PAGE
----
Horses were known as the chosen mounts of the gods, particularly the sun and moon deities. They symbolized the virility of the land itself, as well as strength and swiftness. The Iceni tribe derived their name from the word for horse, and Britain’s horse cults predate the arrival of the ancient Celts. Horses were shown on the earliest Celtic coins, and they were common god or totem creatures through the Iron Age and into the Bronze Age. For ancient Celts, horses represented the instinctive aspects of humanity, which often needed to be tamed and controlled. The horse’s master used the bit and bridle to control his horse, and this symbolized the intellect that tempered destructive impulses. While horses symbolized raw life-force, the reigns betokened the willpower and intelligence needed to harness this life-force effectively.

Fal, the Celtic god of horses and hounds, symbolized light within the darkness. In the cycle of the year, the northern quarter was called the Plain of Fal, associated with wisdom and truth. The Stone of Fal was the station of the yearly cycle connected with the winter solstice, when the midwinter sun was reborn. Ancient Celts believed this was when the horse goddess Rhiannon gave birth to her son. White horses represented the sun and were affiliated with the light of spring and summer. Like other white animals, white horses symbolized sky deities to the ancient Celts, while black animals were correlated with Underworld deities. Black horses, generally considered unlucky, were connected with the darkness of autumn and winter, as well as with the Underworld. They were an omen of death, symbolic of funerals and of chaos. A black horse was said to rule the twelve days of midwinter chaos between the old and new year.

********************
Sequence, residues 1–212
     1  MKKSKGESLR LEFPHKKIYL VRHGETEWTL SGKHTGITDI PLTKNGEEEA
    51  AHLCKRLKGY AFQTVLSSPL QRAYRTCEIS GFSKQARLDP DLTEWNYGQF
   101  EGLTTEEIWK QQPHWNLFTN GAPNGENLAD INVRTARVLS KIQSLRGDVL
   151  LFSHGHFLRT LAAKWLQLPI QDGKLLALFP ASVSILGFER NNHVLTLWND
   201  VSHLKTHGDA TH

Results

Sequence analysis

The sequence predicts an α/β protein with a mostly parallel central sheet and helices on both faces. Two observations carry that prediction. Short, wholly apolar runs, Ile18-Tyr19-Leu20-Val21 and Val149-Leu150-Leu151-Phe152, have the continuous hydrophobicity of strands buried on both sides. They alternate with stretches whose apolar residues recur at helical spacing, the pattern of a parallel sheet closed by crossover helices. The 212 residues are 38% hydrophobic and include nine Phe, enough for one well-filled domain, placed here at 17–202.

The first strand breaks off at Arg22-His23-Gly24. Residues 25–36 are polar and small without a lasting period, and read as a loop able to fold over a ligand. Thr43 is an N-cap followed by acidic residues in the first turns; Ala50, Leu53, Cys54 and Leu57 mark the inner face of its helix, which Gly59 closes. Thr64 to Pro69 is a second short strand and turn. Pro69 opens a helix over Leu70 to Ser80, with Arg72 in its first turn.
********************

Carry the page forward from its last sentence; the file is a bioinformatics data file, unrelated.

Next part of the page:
Modern Celtic folklore still honors horses, and the horsing ceremonies of midwinter depict a play of death and resurrection. Also, May’s Beltane festival features the Hobby Horses of Padstow and Minehead. A black horse winds through town in a musical parade, and it falls to the ground whenever the music stops. Each time, the horse rises again when the music resumes, until the parade dies down at midnight. Then the sinister horse is considered truly dead, until it is born again in the fall.